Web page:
Before we can find out what happens to Frank or where/how Tomorrowland even exists, we switch to the story of his current-day companion, Casey (Britt Robertson), a teenage girl. She tells us her own story: her father, a NASA engineer, has instilled in her a wonder for cosmic exploration, which doesn’t pair well with her discovery that NASA will soon demolish its Cape Canaveral launchpads, no longer planning any explorations into space. Her father Eddie (Tim McGraw) has taught her an existential parable about two wolves living inside all of us—a creature of darkness and despair, and another of hope and optimism. The one that wins out, Eddie tells her, depends on the one that you feed. Taking this lesson to heart, Casey uses her brilliance and ingenuity to sabotage the demolition equipment at NASA, eventually getting her arrested and also gaining the attention of a young girl who smuggles into her possession a gold Tomorrowland pin. Whenever Casey touches the pin, she is magically jettisoned to the same world that Frank saw as a young boy; the best scene in the movie conveys Casey’s first visit to Tomorrowland, which adds just enough creativity to its futuristic worldview to be memorable (a multicultural populace in wild costumes, or a series of pools suspended in midair which allow you to dive from elevations of hundreds of feet).
Tomorrowland’s plot is convoluted and extremely dense, which is both a pleasure and an annoyance: there’s no question the film is imaginative and entertaining, but it also heedlessly speeds through everything and depends on a lot of exposition while still feeling muddled. Basically, Tomorrowland is an alternate dimension populated by the most brilliant people in the world—the “geniuses,” Casey is told, scientists and engineers and artists who can work without intrusion from corporate or military interests. This is the world humanity could create, and which Earth could have been if it wasn’t dictated by greed and petty quests for power. But an invention created by Frank connecting Tomorrowland to Earth has practically ensured the extinction of humanity on the planet, not to mention opened a precarious doorway between the two worlds. Frank is exiled back to Earth, making him angry and hopeless; he refuses, at first, to help Casey, assuming nothing they do will make a difference anyway.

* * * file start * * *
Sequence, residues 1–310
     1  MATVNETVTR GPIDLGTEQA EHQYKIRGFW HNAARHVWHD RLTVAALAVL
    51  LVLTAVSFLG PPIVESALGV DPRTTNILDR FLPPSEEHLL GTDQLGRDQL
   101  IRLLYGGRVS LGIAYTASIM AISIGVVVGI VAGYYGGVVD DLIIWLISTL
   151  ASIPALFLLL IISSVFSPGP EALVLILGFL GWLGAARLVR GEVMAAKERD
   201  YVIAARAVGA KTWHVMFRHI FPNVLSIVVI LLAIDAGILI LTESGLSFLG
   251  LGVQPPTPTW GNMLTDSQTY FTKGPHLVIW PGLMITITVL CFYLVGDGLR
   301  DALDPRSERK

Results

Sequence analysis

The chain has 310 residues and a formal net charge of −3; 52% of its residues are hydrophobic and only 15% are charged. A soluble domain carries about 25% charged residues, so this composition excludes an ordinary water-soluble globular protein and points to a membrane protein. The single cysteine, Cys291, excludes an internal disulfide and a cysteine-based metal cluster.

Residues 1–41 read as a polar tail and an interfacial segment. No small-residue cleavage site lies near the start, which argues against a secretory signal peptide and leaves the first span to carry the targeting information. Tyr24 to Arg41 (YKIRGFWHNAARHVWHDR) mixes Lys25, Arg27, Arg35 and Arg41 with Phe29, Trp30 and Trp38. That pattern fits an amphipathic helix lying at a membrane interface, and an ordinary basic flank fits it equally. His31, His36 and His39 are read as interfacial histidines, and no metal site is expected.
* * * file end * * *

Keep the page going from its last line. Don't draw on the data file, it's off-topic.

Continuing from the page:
It’s probably easy to tell that Tomorrowland is not your average sci-fi adventure; this is unambiguously a movie about the legacy humans will leave on this planet, a call-to-arms for those in the audience willing to change their lives in order to avoid a self-imposed extinction. Some of the ways in which this ambition are portrayed are off-putting: the “geniuses” of Tomorrowland are, at least at first, an elitist group of educated Americans, the wall of TV monitors in Frank’s house convey a predictable assortment of tragedy and violence, and a didactic speech by Hugh Laurie’s character about the hopelessness of Earth flatly tells us that humans are lazy, stupid, and desire their own demise. (Which, yes, might be true--Tomorrowland is a pretty accurate cynicism guage—but such a denunciation might have been presented more uniquely.)